Financial controls protect your company’s cash flow and financial operations. Any weakness in your financial controls leaves the door open for outside attackers or malicious internal actors to exploit. For example, inadequate approval processes might leave your company to fall victim to a business email compromise or to issue payments to bogus vendors.
Internal control weaknesses are also typically grouped into one of two categories for severity: material weaknesses and significant deficiencies.
- A material weakness is a control weakness so severe that the company’s financial statements cannot be relied upon, or the company could be in violation of regulatory compliance obligations. A material weakness is a major problem that needs prompt attention from the board and senior management.
- A significant deficiency is less severe than a material weakness. It is not likely to lead to a material misstatement of financial results or a compliance violation, but it still warrants attention from senior management so that the weakness can be resolved.
A significant deficiency is typically reported to the company’s board, either by its outside audit firm or by internal management. Several significant deficiencies could, taken together, also constitute a material weakness.
How To Identify Internal Control Weaknesses
Here are the steps to help you identify internal control weaknesses: z
- Conduct a thorough risk assessment
- Document and analyze internal control procedures
- Train staff as necessary on control hygiene
- Conduct regular audits
- Listen to stakeholder feedback
Conduct a thorough risk assessment
You should conduct thorough, regular (say, once a year) risk assessments for all your internal control procedures. Identify the most probable incident-prone parts in your company.
When you examine each risk, add columns to indicate which new risks could arise from material weaknesses or significant IT deficiencies, who is in charge of that particular process, who inspected it, solutions, and when the responsible person took action.
Document and analyze internal control procedures
Catalog all the necessary operating procedures in your company that might affect your business model. These procedures include cash reconciliation, accounts payable, and stock and asset inventories. For example, your accounts payable analysis will ensure that your organization’s payments to your suppliers are accurate when reconciled externally with bank statements and receipts.
Train staff as necessary on control hygiene
Educating your employees about modern internal control processes and methods is essential. Ensure that you regularly and repeatedly conduct training on the evolution of IT and financial controls in your organization to keep them updated and educate them on the potential impacts on the business.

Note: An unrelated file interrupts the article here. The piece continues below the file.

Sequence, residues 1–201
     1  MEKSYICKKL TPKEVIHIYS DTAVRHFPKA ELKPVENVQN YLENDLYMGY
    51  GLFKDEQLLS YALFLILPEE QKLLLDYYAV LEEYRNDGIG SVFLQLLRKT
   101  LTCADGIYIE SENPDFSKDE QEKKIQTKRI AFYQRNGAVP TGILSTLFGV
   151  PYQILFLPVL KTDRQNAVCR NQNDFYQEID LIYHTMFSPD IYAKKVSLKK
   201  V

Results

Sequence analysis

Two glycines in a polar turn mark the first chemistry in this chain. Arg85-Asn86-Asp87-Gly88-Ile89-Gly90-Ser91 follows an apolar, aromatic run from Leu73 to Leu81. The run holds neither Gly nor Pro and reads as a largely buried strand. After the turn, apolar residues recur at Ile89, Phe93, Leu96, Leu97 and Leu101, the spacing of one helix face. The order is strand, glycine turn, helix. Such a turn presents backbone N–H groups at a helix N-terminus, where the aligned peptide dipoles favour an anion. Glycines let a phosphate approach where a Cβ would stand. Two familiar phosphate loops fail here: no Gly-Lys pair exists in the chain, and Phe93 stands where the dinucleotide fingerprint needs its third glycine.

Conduct regular audits
Risk assessments are often created by the individuals executing the internal controls, and you can never guarantee that those people act objectively or competently. Hence it’s essential to have an independent third party audit your controls from time to time, to assess whether your controls are properly designed and working effectively.
Listen to stakeholder feedback
Examine customer and stakeholder feedback to determine whether they have any common complaints, such as internal control breaches. For example, if customers identify the exact product failure, such as a button that’s not working correctly, you can work backward through your organization’s processes to uncover the issue.
How to Rectify and Remediate Internal Control Weaknesses
Bad actors can always seem several steps ahead in exploiting internal control weaknesses. Fortunately, you can implement continuous control monitoring, blended with machine learning techniques, to provide real-time insights into new vulnerabilities and threats.
To monitor your internal controls effectively, you must integrate internal audit procedures into your ongoing activities. Integrating these detective, preventive, and corrective measures helps your internal analysts to review the effectiveness of your internal controls on a timely basis.
Manage your Internal Controls Effectively with RiskOptics
Identifying and rectifying internal control weaknesses can seem overwhelming. RiskOptics, with its comprehensive ROAR platform for risk management, can make it easy to stay on top of your internal controls.
The RiskOptics ROAR Platform allows for a single source of truth for all your internal controls, risk assessments, remediation of weak internal controls, tests of controls, and so forth. That evidence then becomes invaluable as you seek to improve your system of internal control or simply want to pass an external audit as efficiently (read: cheaply) as possible.
To understand how to put a rigorous risk management solution for your internal controls in place for your organization, schedule a demo with RiskOptics today.